Most of us never dream of seeing the inside of a courtroom once in our lives, let alone the many times we’ve experienced over the course of our high-conflict divorce and child custody proceedings.
If you haven’t yet had that experience but are aware that the day is coming, it behooves you to do a little groundwork and find out how it all functions in divorce and/or child custody family court. There, you can learn what to expect from judges. You can see how attorneys operate which is particularly helpful if you have not yet retained legal representation but intend to. You can learn common divorce and child custody trial language and procedures. It’s extremely important that you learn and begin to understand as much as possible about divorce and family court. It’s another way for you to be better prepared and hopefully obtain a better outcome in your case.
Though it takes time, we regular make suggestions to anyone involved in divorce and child custody litigation to take the time and spend a day (or more) at the local court house. You go to the court and if it can be planned appropriately – observe the judge who is or will be presiding over your case. Watch that judge all day long or for as long as you can get away with sitting in the gallery as an observer. Watch how the judge rules on the cases that pass before you. Watch how the judge treats the evidence. Watch how that courtroom flows. Some judges are very process-oriented, some allow a lot of leeway, particularly when you are representing yourself in a divorce and/or child custody proceeding. Watch how the attorneys object. Note the issue about which they are objecting and on what grounds. Note how the judge rules on the objection. Bottom line – learn your judge.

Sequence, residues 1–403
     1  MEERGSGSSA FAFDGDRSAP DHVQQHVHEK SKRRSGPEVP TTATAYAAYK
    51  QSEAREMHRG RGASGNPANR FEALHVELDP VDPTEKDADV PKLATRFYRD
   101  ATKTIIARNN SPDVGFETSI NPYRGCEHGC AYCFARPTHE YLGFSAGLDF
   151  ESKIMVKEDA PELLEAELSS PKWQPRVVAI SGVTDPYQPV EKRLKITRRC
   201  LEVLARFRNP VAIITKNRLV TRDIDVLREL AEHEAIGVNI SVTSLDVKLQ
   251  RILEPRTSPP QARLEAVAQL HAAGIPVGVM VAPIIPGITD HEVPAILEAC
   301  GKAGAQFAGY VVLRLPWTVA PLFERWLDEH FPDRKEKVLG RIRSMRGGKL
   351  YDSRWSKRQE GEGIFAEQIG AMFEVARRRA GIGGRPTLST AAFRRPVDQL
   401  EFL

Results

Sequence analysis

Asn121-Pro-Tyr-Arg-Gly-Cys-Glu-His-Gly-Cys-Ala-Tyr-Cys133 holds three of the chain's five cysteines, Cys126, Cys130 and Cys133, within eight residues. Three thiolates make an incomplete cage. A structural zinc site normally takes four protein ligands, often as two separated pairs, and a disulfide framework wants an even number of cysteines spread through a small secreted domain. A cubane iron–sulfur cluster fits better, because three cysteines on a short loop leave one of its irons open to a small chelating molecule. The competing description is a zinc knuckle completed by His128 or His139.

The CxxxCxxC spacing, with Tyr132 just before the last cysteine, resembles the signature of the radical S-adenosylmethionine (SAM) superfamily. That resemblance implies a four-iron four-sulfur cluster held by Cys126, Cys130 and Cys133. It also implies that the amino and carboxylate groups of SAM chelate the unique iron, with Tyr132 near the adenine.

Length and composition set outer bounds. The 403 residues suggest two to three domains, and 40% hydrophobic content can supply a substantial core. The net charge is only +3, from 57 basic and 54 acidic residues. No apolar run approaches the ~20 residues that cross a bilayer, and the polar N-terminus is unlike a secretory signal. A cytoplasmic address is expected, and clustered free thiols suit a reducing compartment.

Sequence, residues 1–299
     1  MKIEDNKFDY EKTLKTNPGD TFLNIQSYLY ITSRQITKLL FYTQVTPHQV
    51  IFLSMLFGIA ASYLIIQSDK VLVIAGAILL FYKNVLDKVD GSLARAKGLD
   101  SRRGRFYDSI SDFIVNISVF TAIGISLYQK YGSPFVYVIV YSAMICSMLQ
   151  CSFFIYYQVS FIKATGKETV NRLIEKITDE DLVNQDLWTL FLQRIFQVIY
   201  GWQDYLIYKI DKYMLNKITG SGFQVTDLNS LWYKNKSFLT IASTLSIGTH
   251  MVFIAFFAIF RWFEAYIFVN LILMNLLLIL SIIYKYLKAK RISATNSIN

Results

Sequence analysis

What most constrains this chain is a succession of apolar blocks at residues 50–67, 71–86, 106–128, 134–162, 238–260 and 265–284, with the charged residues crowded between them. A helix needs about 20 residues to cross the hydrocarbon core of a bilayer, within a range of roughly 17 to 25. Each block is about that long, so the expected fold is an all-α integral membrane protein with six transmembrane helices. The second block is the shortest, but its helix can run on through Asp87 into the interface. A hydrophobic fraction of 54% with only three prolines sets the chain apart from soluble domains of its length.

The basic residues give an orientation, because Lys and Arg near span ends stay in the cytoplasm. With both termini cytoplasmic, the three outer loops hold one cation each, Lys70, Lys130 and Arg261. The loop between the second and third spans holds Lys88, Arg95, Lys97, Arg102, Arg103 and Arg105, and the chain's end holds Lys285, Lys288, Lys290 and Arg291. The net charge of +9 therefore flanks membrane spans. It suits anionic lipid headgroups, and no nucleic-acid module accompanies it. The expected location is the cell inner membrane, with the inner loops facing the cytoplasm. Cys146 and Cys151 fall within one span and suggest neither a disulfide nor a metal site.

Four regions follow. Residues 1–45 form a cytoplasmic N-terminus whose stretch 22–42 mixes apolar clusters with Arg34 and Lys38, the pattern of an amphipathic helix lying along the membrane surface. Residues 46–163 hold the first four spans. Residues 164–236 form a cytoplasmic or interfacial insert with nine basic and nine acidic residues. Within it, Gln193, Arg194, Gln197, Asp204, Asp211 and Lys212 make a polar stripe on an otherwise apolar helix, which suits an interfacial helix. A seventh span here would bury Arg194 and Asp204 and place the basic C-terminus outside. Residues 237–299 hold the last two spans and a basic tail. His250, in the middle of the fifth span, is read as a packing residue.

If you are seeking to obtain legal representation, this exercise works just as well. Learn the attorneys. Observe which ones interact well with the judge and vice versa. Observe which ones garner respect from the judge. Observe which attorneys appear well-prepared and which ones are not. Observe how the attorneys interact with the other court personnel – the bailiff, the clerks, the administrators, etc. Watch they work. Take notes. Get to understand how the judge, the attorneys, the courtroom, and how the entire courthouse work for both divorce and child custody cases. You may find that they function quite differently in your jurisdiction.
This will undoubtedly require investing at least one day of your time. If you can get to the courthouse to observe divorce and child custody proceedings on more than one day, your education about all of the players within the system will be greatly increased. We assure you, it’s well worth the investment of your time.